Like seeing the movie versus reading the book, society has repeatedly repackaged the original source material in a more condensed, portable and digestible way for an audience.

Will guests then go to investigate the real works and understand the artist’s vision? Or will this video trailer version be their lasting impression?

What is the Quibi of fine art? In most cases, there is a trade-off. Like MP3s stripping away the warmth and nuance found on Vinyl to fit in your phone. Something gets lost in the quest to condense and package, yet most prefer the condensed version. Greatest hits versus the boxed set.

Instagram, and its way of posting only the best moments as days in the life, is the perfect output mechanism for exhibits like these. The “greatest hits” of the “greatest hits.”

Immersive projected shows like the Immersive Van Gogh Exhibit seem very popular, and for good reason. Yet, I wonder if they replace standing in a room meditating on those framed canvases, being challenged to feel and sense what the artist was conveying, even though they are static and tiny by comparison.

Seems boring to most who want emotion more heavy-handed and to feel something more extreme immediately. Gladly, history shows there is room for both, as those MP3s and 33 RPM Vinyl coexist. In time, could Art museums become the new Vinyl? The less portable, analogue way to experience art as it was meant to be? You decide.



The only concern as an attraction designer is the projection-mapped empty room format itself, even with changing IP being very repeatable. Maybe it’s me, but I am acutely aware of the wear out of theatre shows and simulators in malls and theme parks. Even content changes don’t completely sustain them.

So, will this new format survive the test of time? Maybe, if it evolves. I liked the idea that as an open space you can distance yourself and determine your own comfort zone. We are still in a wary viral world, where even being vaccinated only means you don’t die.

However, there are many contradictory distractions that take you out of the immersion, like corners in rooms, and to that end, this could all be far better and simply so. I get that it’s an event, like a travelling art exhibit, but some are building permanent venues for this.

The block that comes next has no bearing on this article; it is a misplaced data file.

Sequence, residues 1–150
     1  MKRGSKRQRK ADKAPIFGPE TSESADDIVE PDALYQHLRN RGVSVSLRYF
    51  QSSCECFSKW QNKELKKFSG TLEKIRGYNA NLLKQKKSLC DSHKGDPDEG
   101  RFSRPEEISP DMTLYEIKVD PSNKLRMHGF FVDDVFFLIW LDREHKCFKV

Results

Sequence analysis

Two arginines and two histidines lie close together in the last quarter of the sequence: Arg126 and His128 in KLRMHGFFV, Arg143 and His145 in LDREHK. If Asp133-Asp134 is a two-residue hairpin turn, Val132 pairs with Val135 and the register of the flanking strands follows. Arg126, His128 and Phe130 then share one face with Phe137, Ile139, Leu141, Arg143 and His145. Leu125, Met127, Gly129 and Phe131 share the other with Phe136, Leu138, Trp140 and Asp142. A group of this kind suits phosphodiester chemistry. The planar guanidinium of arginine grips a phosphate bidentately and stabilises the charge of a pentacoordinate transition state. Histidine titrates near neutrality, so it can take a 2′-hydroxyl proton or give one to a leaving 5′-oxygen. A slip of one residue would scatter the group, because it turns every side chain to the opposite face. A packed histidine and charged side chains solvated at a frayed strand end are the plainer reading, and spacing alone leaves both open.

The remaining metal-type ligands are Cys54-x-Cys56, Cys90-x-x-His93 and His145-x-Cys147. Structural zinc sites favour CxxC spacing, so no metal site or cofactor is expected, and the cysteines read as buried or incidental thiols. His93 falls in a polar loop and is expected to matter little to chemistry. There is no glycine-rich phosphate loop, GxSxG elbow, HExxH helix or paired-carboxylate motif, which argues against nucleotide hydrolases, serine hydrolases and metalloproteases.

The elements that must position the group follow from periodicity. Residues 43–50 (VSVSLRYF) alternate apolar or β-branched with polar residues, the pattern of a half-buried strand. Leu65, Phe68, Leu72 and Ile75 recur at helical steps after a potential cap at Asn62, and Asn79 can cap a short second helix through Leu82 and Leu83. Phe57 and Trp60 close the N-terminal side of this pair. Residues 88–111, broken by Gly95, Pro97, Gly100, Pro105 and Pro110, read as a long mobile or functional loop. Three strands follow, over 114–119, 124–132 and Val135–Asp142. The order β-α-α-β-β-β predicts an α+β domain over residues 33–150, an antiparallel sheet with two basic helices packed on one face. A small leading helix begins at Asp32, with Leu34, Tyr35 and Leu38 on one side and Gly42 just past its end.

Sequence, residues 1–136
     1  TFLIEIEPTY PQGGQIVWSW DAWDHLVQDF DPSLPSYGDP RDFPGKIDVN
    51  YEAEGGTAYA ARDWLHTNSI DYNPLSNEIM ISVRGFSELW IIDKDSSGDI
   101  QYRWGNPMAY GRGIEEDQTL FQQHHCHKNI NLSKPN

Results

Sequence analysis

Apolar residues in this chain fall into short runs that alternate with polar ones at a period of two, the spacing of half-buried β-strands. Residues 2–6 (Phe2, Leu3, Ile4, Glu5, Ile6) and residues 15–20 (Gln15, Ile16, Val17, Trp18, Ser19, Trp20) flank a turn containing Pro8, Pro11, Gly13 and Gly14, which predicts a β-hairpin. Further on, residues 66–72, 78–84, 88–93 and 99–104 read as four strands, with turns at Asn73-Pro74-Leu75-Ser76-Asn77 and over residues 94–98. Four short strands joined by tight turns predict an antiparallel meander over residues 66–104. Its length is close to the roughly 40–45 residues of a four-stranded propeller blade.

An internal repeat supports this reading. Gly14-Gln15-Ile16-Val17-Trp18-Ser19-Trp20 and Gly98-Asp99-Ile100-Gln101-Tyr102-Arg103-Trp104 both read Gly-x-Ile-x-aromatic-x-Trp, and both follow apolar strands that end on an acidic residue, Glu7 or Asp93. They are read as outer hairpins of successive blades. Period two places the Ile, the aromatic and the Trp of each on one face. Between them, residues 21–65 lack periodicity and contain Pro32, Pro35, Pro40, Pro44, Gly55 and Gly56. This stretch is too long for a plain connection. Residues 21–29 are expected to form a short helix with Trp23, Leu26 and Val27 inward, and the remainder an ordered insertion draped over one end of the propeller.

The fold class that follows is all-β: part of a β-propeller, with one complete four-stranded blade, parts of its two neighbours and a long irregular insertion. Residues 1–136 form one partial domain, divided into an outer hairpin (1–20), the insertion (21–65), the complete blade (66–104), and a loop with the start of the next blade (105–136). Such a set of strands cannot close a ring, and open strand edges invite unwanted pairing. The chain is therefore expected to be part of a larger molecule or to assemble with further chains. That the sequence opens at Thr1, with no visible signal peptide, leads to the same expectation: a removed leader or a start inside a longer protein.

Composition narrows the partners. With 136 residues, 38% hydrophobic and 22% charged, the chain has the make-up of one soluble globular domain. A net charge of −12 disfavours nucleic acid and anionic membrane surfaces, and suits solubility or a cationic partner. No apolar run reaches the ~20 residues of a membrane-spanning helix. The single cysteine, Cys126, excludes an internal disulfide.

I can’t help thinking others besides myself will sense immediately that we are just in an empty room with projected walls and the audio score.

If nothing else the Immersive Van Gogh Exhibit is loud. Powerful yes, refined and seamless, not quite. My family enjoyed it, but our son and daughter wanted the depth and persistence of the immersion to sustain. To them, there was a bit of “been there, posted that.”

Improving the sensory experience

My guess is that for these types of exhibits to become a stand-alone, long term institution, the sensory experience needs to improve. The spell should not be so obviously and easily broken.

As an experiential designer, these omissions overpower the effect. That’s why I’m calling this an observation rather than a review, as most guests seemed to love it and you may as well. Don’t let me stop you from going. Having said everything, the evening overall was a success.

For now, the Immersive Van Gogh Exhibit is a hit and has a lot to offer. It was also well-operated and the staff were great. Van Gogh’s world is inspiring and stunning as a motion graphic. This was a mind cleansing 45-minute experience that left me with a lot to think about. In the post-COVID rush for post-worthy experiences, it is a great outing. At least once.

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Eddie Sotto

Eddie Sotto

Eddie Sotto, former SVP of Concept Design at Disney Imagineering now runs SottoStudios, a turn-key entertainment design and experiential R&D firm. He also recently formed the group to address the need for COVID-19 variant screening.